zero, real, and distinct, or complex, with a non-zero real
part. The remaining cases: eigenvalues which are zero, re­
peated, or pure imaginary are classified as borderline, and
the subsequent steps don’t apply, or have limited applica­
tion. See the next section.
4. According to the above, the acceptable geometric types are a saddle,
node (not a star or a defective node, however), and a spiral. Assuming
that this is what you have, for each critical point determine enough addi­
tional information (eigenvectors, direction of motion) to allow a sketch of
the trajectories near the critical point.
5. In the xy-plane, mark the critical points. Around each, sketch the trajec­
tories in its immediate neighborhood, as determined in the previous step,
including the direction of motion.
6. Finally, sketch in some other trajectories to fill out the picture, mak­
ing them compatible with the behavior of the trajectories you have already
sketched near the critical points. Mark with an arrowhead the direction of
motion on each trajectory.
If you have made a mistake in analyzing any of the critical
points, it will often show up here — it will turn out to be im­
possible to draw in any plausible trajectories that complete
the picture.
Remarks about the steps.
1. In the homework problems, the simultaneous equations whose solutions
are the critical points will be reasonably easy to solve. In the real world,
they may not be; a simultaneous-equation solver will have to be used (the
standard programs — MatLab, Maple, Mathematica, Macsyma — all have
them, but they are not always effective.)
2. If there are several critical points, one almost always uses the Jacobian
matrix; if there is only one, use your judgment.
3. This method of analyzing non-linear systems rests on the assumption

Sketching Non-linear Systems OCW 18.03SC

that in the neighborhood of a critical point, the non-linear system will look
like its linearization at that point. For the borderline cases this may not be
so — that is why they are rejected. The next two notes explain this more
fully.
If one or more of the critical points turn out to be borderline cases, one
usually resorts to numerical computation on the non-linear system. Occa­
sionally one can use the reduction to a first order equation:
dy g( x, y)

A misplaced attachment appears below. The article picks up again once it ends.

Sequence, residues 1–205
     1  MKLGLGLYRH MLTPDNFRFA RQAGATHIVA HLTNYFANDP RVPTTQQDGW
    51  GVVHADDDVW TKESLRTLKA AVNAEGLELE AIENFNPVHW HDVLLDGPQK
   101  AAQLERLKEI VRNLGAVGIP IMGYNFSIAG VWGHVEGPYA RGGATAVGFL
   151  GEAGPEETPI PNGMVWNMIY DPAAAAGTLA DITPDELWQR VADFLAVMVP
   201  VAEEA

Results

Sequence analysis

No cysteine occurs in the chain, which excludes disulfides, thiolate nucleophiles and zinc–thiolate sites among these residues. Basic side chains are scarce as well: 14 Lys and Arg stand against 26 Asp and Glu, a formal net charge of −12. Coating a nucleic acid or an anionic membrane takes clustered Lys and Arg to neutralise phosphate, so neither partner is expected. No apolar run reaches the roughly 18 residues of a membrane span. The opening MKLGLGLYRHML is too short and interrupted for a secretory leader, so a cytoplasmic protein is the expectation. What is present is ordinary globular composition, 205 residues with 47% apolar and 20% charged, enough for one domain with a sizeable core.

=
dx f ( x, y)
to get information about the system.
Example 3. Sketch some trajectories of the system
x � = − x + xy
.
y� = −2y + xy

Solution. We first find the critical points, by solving


− x + xy = x (−1 + y) = 0
.
−2y + xy = y(−2 + x ) = 0

From the first equation, either x = 0 or y = 1. From the second equation,


x = 0 ⇒ y = 0; y = 1 ⇒ x = 2; critical points : (0, 0), (2, 1).
To linearize at the critical points, we compute the Jacobian matrices
� � � � � �
−1 + y x −1 0 0 2
J= ; J(0,0) = J(2,1) = .
y −2 + x 0 −2 1 0

Next we analyze the geometric type and stability of each critical point:
(0, 0):
eigenvalues: −1, � ł2 = −2� �sink node
ł1 = �
1 0
eigenvectors: �α1 = ; �α2 =
0 1
By the node-sketching principle, trajectories follow �α1 near the origin,
are parallel to �α2 away from the origin.
(2, 1):
√ √
eigenvalues: ł1 =� √2, � ł2 = −� 2 √ �

unstable saddle

2 − 2
eigenvectors: �α1 = ; �α2 =

1 1

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Draw in these eigenvectors at the respective points (0, 0) and (2, 1), with
arrowhead indicating direction of motion (into the critical point if ł < 0,
away from critical point if ł > 0.) Draw in some nearby trajectories.
Then guess at some other trajectories compatible with these. See the
figure for one attempt at this. Further information could be gotten by con­
sidering the associated first-order ODE in x and y.

Example. Sketch the phase portrait of the following system.

1
x � = 14x − x2 − xy
2
� 1 2
y = 16y − y − xy
2
Critical points:
� �
1 1
x 14 − x − y = 0 ⇒ x = 0 or 14 − x − y = 0
� 2 � 2
1 1
y 16 − y − x = 0 ⇒ y = 0 or 16 − y − x = 0.
2 2
x = 0 ⇒ y = 0 or y = 32.
y = 0 ⇒ x = 0 or x = 28.
x �= 0, y �= 0 ⇒ x = 12, y = 8.
⇒ all critical points: (0, 0), (0, 32), (28, 0), (12, 8).

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� �
14 − x − y −x
J ( x, y) =
−y 16 − y − x
Looking at each of the critical points in turn:
� � � � � �
14 0 1 0
J (0, 0) = : eigenvalues 14, 16; eigenvectors ,
0 16 0 1

⇒ source node (see ’Source node’ picture below).

� � � � � �
−18 0 1 0
J (0, 32) = : eigenvalues -18, -16; eigenvectors ,
−32 −16 16 1
⇒ sink node (see Sink node 1’ picture below).
� � � � � �
−14 −28 1 −14
J (28, 0) = : eigenvalues -14, -12; eigenvectors ,
0 −12 0 1
⇒ sink node (see Sink node 2’ picture below).
� �
−6 −12
J (12, 8) = :
−8 −4

eigenvalues −5 ± 97 ≈ −15, 5;
� √ � � √ � � � � �
1 + 97 1 − 97 11 −9
eigenvectors , ≈ ,
8 8 8 8
⇒ saddle (see ’Saddle’ picture below).
Rough sketch of system:
First we sketch each of the critical points.
v v v

� � � � �� �
� � �� � � �
� � � � � � �
� • � u •� u • � u
� � � �
� �� � �
� �

Source node Sink node 1 Sink node 2

v
� ��
� �
� • � u
� �
� �

Saddle

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Hand sketch – phase plane portrait. Computer plot – phase plane portrait.